On Friday, Davutoglu met with Merkel to discuss the migrant issue. Turkey is said to be one of the main "suppliers" of refugees to Western Europe. Now, there are over two million refugees in Turkey, and many of them will travel further to European countries. Germany is the most popular destination amongst migrants. In 2015, 1.1 million migrants crossed the German border.
Thus, the migrant issue is the main leverage Ankara is using to pressure Berlin. First of all, Ankara is trying to figure out when it will receive the €3 billion the EU has pledged to use to improve the living conditions of migrants in Turkey. Italy has blocked the plan, and Davutoglu did his best to show Merkel that Ankara's patience was running out.
In addition, at the talks in Berlin the prime minister tried to discuss the issue of easing the visa regime between Turkey and Germany as well as giving a fresh impetus to the talks on Turkey’s admission to the EU.
This might have sounded like a hint to Berlin. Germany maintains close ties with the Kurds in Iraq. According to Die Welt, before the meeting between Davutoglu and Merkel, the German government had to end criticism of Ankara’s policy toward Kurds. This concession proves that the Kurdish issue is not that important for Merkel’s cabinet which is losing popularity amid the ongoing migrant crisis.
Both Russia and Germany consider Kurds an important force taking part in the fight against Daesh. Kurdish Peshmerga militia forces have proved their efficiency in fighting Daesh, not on a sectarian or political basis, but rather for territorial disputes.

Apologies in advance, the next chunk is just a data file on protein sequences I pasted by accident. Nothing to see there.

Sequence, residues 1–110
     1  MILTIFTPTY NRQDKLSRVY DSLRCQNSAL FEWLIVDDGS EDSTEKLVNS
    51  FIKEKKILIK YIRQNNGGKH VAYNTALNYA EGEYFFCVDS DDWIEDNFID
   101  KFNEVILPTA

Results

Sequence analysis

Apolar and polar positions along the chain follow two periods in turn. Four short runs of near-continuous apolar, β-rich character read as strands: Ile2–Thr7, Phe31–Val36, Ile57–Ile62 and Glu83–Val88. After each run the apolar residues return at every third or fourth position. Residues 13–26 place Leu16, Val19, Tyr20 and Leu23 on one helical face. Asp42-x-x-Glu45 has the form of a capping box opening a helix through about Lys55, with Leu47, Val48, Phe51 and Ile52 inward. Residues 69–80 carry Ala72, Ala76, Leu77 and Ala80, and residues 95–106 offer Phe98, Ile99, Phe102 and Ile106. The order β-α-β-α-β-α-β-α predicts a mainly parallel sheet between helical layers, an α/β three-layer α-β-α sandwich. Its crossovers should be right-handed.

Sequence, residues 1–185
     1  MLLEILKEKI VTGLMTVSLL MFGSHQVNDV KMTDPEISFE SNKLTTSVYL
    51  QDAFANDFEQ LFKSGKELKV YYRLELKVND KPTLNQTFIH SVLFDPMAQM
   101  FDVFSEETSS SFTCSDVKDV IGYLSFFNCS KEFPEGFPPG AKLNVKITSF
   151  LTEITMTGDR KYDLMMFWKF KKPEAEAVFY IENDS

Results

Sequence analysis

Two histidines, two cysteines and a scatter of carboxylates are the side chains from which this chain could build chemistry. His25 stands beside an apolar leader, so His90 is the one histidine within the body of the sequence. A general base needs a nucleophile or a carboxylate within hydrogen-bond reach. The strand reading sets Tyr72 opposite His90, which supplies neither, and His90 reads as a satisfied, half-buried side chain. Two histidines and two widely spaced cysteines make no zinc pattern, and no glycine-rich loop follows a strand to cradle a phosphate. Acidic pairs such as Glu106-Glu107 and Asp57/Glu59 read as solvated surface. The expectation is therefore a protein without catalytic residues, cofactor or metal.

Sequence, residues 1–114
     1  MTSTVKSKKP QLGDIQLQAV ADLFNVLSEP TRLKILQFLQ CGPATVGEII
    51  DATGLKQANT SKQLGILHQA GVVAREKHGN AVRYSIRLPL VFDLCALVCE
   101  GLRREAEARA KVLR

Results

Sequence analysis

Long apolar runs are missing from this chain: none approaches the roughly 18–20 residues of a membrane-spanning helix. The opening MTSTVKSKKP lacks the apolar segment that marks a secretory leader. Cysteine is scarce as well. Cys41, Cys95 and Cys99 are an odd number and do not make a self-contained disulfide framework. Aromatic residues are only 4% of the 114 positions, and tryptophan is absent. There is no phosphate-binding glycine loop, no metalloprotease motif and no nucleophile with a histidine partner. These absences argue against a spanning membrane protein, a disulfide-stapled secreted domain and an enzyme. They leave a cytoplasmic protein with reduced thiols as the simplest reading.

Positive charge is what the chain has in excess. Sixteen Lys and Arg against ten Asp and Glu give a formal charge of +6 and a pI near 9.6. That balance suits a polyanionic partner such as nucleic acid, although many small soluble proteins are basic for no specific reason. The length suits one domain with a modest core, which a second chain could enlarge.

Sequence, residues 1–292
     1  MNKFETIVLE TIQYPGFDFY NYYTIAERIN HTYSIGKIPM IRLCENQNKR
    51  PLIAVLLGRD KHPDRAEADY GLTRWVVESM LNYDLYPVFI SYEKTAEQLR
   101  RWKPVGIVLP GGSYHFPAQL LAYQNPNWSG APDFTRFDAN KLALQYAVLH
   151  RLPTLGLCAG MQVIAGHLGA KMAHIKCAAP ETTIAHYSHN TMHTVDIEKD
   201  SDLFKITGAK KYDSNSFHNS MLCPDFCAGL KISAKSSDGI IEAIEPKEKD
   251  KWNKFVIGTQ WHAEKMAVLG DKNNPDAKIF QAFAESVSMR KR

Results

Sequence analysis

Daesh has been trying to establish a "caliphate" across Syria, Turkey and Iraq which has been claimed by Kurds as their own land – Kurdistan, which in their long-term perspective should be an independent state. For Russia and Germany, the Kurds’ push for independence does not constitute a problem, however, for Turkish President Recep Tayyip Erdogan, he wants to save the southern part of the country by any means possible.
This is why weakening Kurdish militants in Iraq or Syria is one the main goals of Turkey’s policy in the region, Vladimir Evseyev, an analyst at the Institute of CIS Countries, told Gazeta.Ru.
German has officially supplied weapons to Iraqi Kurdistan. In addition to EU-made firearms, Kurdish fighters in Iraq use Franco-German MILAN anti-tank systems against Daesh. Media also has reported that Kurds sell some of these German weapons, so it is impossible to control who would receive European weapons.
"There have been reports that Russia is supplying weapons to Kurds in Syria," the analyst said. "But even if they are true Russia is delivering only small amounts of arms to Kurds. Moscow knows that Ankara can take measures in response, including destabilizing situation in Nagorny Karabakh or escalating the Tatarian issue in Crimea."
Nevertheless, Russian airstrikes launched in September 2015 already have foiled Turkey’s ambitious anti-Kurdish initiative. Before the operation started Ankara was planning a "safe zone" in northern parts of Syria. It was planned that pro-Turkish militants would receive support and regroup there. Unlike the US, Russia could not guarantee observing the safe zone so Ankara finally abandoned the idea.
The Russian Foreign Minister reacted to the situation bu saying that the ongoing military operation against the Kurds in Turkey is raising deep concerns.
The talks were held in the format of "government consultations" which are used to discuss the most important issues with Germany’s closest allies. The meeting with Davutoglu was the first time Germany had held government consultations with a Turkish official. The results of the talks will be seen on January 25-29 when the Syrian peace talks are scheduled in Geneva.